I am here, I’ve always been here,
sitting on the bench with paints and brushes,
in a small park blistering the pristine shore.
To be as learned as me,
you must ignore the slides, and the swings,
their metallic coating patched with rust
from frequent summer showers,
and listen to the perfect language of seagulls
that know they’ll not be caught stealing scraps of littered bread crusts…
You’ll have to study how they scatter as if scared,
or out of some sense of, some means of, migration,
and smell the crack smoke as it’s breathed out by the prostitute,
who huddles underneath a cedar,
who bites her fingernails, frantically, before a shift,
as she mumbles her apologies to a dead son.
Study the muscles in the calves of children playing football,
scared by no one,
the offense congregating to devise a strategy.
The quarterback clenches his teeth—
He’s going for a first-down…
Children used to wait in line here, impatient,
for the mask I’d paint.
The prostitute takes a hit off the steel pipe,
and watches them, and watches seagull wings, like sails,
casting shadows over the water, and the sand, and the swing set.
Today, as always, I predicted the hour of long shadows,
and was wrong. Their filthy shade means time for the children to leave.
They won’t—They never do…And though they are the same children
that threw stones at the mother skunk swilling a tipped trash can
a week ago, and though they are so frightened
by the sweat of malice sheening their hands,
I almost feel sympathy for them, for this place.
Secretly, of course, I wish for them to learn a lesson,
a lesson so severe—That is to say,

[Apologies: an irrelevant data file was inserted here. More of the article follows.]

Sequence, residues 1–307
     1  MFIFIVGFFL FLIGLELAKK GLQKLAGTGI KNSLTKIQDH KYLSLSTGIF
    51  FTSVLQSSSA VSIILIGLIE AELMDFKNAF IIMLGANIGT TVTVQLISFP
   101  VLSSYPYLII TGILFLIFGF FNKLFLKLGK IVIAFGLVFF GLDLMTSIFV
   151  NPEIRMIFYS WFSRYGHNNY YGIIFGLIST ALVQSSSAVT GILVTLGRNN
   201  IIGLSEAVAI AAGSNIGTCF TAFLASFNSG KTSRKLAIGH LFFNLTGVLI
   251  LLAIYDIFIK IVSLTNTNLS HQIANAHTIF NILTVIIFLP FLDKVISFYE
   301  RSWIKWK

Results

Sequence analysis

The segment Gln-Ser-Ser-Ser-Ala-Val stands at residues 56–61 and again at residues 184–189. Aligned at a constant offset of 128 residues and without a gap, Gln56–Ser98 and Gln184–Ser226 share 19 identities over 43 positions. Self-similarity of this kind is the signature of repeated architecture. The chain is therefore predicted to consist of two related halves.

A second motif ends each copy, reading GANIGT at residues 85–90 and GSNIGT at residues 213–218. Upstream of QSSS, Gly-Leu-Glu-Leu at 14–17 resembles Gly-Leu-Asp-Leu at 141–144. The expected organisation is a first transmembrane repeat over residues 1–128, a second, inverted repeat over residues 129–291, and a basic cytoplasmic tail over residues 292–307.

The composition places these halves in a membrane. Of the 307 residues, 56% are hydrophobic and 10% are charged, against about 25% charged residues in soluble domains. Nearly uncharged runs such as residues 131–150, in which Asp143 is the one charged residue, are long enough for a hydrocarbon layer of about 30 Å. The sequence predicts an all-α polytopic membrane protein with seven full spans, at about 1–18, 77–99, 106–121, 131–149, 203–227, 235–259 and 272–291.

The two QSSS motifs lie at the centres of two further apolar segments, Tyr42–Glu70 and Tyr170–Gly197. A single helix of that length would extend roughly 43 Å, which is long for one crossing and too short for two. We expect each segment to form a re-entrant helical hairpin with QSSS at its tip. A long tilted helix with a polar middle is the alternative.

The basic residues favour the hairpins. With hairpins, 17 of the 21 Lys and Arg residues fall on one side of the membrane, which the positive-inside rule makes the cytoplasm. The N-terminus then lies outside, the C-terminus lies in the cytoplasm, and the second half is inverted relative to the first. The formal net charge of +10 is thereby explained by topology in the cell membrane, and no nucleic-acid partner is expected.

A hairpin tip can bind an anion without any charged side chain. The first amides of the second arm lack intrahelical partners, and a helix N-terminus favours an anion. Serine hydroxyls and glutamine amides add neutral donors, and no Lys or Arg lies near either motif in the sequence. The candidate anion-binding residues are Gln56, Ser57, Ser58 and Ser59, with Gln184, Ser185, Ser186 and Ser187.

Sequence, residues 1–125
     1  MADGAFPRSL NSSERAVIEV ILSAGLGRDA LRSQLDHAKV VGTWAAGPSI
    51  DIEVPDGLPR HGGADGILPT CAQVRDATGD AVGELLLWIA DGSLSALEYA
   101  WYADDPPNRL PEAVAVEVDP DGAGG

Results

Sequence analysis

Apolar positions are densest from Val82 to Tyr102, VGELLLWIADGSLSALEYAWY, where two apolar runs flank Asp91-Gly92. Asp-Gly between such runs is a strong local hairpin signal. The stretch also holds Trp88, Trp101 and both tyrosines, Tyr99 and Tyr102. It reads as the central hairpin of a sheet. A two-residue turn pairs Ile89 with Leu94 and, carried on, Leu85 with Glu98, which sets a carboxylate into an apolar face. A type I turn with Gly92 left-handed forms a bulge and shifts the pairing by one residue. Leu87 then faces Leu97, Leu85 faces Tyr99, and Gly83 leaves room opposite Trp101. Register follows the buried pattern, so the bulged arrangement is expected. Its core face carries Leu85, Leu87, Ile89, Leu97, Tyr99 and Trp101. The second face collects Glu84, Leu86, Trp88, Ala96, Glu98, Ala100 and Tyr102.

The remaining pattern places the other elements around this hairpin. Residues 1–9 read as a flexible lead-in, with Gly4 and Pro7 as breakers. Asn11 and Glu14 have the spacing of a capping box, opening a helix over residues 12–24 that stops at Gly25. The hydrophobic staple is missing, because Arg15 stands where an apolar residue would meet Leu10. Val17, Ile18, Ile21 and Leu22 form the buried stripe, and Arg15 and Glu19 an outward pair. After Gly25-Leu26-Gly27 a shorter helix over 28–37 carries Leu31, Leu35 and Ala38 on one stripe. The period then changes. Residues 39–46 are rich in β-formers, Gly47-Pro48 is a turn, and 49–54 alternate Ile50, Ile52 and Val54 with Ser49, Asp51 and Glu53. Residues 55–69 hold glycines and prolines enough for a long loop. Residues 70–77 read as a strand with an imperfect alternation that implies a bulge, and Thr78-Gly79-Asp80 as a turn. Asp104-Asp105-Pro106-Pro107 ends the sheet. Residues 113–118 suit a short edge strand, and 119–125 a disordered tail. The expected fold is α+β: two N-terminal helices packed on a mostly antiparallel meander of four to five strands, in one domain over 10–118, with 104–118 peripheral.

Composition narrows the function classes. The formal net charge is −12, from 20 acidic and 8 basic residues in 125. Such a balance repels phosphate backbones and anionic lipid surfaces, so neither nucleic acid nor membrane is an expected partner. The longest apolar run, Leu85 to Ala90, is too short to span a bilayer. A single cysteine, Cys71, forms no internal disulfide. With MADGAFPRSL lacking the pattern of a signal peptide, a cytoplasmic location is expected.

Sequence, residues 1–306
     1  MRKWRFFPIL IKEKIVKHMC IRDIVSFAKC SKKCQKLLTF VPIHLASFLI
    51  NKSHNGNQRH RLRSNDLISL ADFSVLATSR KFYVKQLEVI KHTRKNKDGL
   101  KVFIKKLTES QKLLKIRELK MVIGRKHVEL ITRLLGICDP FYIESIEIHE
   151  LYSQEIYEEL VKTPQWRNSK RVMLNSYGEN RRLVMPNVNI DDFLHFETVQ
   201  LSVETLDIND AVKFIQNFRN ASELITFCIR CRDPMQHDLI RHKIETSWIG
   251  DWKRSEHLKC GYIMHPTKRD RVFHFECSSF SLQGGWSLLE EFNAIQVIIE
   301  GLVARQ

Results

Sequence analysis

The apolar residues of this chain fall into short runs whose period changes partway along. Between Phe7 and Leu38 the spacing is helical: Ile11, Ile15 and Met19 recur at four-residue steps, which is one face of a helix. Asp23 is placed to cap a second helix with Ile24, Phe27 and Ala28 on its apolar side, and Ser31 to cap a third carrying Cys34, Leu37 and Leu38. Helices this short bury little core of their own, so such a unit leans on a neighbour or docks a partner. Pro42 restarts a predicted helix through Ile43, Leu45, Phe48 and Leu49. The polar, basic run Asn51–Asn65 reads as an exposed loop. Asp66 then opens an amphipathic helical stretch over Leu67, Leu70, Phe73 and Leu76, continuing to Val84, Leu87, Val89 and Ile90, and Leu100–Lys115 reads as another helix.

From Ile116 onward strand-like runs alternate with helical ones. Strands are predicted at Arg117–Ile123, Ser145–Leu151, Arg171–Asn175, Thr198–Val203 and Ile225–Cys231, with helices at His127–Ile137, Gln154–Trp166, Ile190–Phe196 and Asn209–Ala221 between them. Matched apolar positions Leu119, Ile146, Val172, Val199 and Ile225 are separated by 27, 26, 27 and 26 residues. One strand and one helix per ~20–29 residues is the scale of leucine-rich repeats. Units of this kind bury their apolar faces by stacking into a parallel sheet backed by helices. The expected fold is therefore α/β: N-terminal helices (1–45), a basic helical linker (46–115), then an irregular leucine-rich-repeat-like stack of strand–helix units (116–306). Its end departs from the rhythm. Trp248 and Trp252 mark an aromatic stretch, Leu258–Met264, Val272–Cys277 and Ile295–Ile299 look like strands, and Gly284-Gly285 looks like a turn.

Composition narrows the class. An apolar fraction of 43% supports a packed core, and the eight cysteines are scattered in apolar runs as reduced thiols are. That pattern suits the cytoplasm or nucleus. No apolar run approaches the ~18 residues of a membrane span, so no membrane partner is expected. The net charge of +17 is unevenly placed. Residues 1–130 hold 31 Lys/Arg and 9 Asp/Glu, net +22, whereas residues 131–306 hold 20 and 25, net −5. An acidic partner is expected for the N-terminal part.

a lesson only the ordinary world could teach.
As the end of summer hastens leaves from trees,
as this humid evening rots the eyes of the mother skunk,
I watch one boy cover a cough with his hand,
and see the seagulls become sheets of newsprint
lifting in the wind.
The prostitute picking scabs,
while manic molecules crank the engine of her heart,
in search of something beyond the dog-eared pages of her life,
is too far gone to care.
She sprawls out on the grass,
and allows the final beams of sunset to nail her down,
and lets the nerve endings
learn what the sun can do.
It’s because the honesty of sunlight
shows her every shame, and deems her body meaningless.
To become this learned, this powerless,
you’ll have to sit with me for hours, on this bench,
and hear the perfect language of seagulls,
over and over,
or watch this prostitute pray her mind will numb enough,
and then follow her into the parking lot
as she posts up underneath a streetlamp—
And you can’t help but stare at shadows
spreading through the park,
and at the barren slide, refusing to succumb to rust,
and the swings, lightly stirring in the breeze.
Domenic Scopa is a three-time Pushcart Prize nominee and the 2014 recipient of the Robert K. Johnson Poetry Prize and Garvin Tate Merit Scholarship. He holds an MFA from Vermont College of Fine Arts. His poetry and translations have been featured in Poetry Quarterly, Reed Magazine, Borderlands: Texas Poetry Review, Reunion: The Dallas Review, Belleville Park Pages, and many others. He is currently an adjunct professor for the Changing Lives Through Literature program at the University of Massachusetts, Boston, and at New Hampshire Technical Institute. His first book, Walk-in Closet (Yellow Chair Press), is forthcoming in 2017. He currently reads manuscripts for Hunger Mountain and Ink Brush Publications.